I have a question about the derivation of Lorentz transformations. My syllabus starts the proof in the following way: We have two inertial reference frames, S and S', that coincide at their origins at t=t'=0. S' is moving in the positive x-direction relative to S with velocity $v$. At t=0, an observer at the origin of S shines a light beam in the positive x-direction. We obtain $x-ct=x'-ct'$. This is still true if we consider a more general form, $x-ct=\lambda(x'-ct')$, where $\lambda$ is yet to be determined. So far, so good. Now they say that this observer simultaneously also shines a light beam in the negative x-direction, which yields to $x+ct=x'+ct'$. However, the syllabus now says that we would get a different general form $x+ct=\mu (x'+ct')$, instead of using the same $\lambda$ again.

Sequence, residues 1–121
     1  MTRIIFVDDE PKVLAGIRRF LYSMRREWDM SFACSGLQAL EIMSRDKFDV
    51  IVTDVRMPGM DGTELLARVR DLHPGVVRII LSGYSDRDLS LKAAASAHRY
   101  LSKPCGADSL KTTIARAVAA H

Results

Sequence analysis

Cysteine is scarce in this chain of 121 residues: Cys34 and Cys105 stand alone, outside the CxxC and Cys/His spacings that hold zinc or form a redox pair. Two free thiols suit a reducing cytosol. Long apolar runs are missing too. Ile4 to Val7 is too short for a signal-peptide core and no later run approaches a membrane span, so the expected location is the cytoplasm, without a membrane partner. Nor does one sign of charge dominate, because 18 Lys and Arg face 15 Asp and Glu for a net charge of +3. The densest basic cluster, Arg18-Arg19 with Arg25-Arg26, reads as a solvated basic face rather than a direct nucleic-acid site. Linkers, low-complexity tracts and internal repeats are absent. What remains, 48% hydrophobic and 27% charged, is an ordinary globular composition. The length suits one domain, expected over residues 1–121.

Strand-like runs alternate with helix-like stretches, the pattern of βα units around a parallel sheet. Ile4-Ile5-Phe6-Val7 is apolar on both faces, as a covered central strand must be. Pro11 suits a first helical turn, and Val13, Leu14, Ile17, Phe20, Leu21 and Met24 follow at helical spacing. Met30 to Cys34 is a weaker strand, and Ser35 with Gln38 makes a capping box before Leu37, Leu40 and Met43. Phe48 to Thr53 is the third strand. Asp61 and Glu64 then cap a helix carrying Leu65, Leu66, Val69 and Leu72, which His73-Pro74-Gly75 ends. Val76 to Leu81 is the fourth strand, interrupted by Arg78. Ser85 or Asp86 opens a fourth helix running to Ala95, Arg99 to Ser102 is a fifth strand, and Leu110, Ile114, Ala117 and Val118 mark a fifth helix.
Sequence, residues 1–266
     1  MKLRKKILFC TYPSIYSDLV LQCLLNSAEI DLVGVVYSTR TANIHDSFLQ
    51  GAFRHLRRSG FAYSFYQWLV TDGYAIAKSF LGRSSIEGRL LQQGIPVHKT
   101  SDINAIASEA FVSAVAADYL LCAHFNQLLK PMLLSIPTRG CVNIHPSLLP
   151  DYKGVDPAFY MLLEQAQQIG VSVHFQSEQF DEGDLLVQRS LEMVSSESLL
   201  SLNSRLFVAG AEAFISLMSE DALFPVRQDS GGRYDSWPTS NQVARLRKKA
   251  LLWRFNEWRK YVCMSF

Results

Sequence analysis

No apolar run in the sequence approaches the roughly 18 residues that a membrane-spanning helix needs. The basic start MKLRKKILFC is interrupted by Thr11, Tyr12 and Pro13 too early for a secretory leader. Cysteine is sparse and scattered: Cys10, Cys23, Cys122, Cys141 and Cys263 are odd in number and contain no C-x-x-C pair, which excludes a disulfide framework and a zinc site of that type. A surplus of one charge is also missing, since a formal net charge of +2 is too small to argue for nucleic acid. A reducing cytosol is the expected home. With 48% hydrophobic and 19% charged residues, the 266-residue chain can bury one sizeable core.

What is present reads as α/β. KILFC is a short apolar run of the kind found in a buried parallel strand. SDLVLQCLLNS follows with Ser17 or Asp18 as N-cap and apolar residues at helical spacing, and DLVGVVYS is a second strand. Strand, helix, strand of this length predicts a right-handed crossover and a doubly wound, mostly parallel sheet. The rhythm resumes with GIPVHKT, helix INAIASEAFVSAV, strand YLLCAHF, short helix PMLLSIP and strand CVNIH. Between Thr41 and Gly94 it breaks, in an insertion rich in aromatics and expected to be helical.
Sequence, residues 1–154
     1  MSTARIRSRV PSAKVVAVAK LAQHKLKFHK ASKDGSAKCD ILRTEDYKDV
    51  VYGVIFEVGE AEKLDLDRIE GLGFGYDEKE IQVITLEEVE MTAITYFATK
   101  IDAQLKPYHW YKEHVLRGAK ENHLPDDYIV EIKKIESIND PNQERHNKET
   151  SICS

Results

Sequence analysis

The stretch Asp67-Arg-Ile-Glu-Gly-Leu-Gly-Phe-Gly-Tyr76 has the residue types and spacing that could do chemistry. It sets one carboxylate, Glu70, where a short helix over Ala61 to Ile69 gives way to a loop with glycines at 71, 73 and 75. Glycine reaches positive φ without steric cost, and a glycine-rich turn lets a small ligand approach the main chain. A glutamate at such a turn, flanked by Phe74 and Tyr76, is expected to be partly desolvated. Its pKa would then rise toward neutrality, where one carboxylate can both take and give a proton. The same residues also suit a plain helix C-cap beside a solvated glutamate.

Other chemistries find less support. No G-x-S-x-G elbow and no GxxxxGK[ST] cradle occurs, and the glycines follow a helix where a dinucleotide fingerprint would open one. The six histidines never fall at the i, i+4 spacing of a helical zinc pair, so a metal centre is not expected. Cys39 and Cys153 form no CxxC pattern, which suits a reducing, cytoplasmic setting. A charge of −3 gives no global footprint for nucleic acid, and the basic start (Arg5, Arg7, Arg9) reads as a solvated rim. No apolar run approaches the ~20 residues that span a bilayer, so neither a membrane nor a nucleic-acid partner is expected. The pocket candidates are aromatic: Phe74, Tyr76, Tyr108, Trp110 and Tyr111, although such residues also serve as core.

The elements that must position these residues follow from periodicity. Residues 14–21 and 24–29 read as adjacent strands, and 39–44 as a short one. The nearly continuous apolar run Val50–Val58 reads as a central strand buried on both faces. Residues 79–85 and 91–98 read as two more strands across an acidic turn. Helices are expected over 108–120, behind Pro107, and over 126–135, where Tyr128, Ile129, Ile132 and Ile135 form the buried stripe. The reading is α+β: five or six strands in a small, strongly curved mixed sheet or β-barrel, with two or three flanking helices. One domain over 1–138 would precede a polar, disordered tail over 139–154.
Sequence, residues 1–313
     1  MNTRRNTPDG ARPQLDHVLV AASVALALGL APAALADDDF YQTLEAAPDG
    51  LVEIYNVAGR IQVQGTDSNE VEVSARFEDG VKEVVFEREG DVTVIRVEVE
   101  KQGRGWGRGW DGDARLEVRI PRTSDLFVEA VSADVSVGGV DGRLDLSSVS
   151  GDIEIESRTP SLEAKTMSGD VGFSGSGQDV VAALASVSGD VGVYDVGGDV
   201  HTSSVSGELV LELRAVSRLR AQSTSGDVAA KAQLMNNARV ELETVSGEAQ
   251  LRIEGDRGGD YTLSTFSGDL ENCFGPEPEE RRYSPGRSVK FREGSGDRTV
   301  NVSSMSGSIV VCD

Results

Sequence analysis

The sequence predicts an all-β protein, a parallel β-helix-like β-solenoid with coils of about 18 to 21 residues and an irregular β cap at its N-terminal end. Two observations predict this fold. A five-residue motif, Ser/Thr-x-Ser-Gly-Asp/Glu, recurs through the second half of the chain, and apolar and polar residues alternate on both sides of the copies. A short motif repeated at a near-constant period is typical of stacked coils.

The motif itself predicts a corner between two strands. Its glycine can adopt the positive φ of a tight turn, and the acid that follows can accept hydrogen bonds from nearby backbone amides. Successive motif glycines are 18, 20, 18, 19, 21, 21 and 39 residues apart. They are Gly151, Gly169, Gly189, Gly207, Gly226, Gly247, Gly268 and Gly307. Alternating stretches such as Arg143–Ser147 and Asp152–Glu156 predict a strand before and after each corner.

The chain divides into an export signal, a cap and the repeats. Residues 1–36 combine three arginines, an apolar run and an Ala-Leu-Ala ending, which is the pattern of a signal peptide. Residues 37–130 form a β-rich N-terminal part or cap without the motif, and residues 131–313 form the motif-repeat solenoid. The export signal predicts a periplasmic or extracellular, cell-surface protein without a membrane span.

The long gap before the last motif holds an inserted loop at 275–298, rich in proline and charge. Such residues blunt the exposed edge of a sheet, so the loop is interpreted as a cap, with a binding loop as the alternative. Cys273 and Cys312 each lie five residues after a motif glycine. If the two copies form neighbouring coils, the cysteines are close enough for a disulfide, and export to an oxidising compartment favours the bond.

How is this possible? If we found $\lambda$, then it should make sense that that same $\lambda$ would work in the negative direction. Could someone explain to me why we're working with two unknowns here?
In case it helps, this is the proof as written in the syllabus (it's in Dutch). It's basically the "From physical principles" derivation found at the wikipedia page: https://en.wikipedia.org/wiki/Derivations_of_the_Lorentz_transformations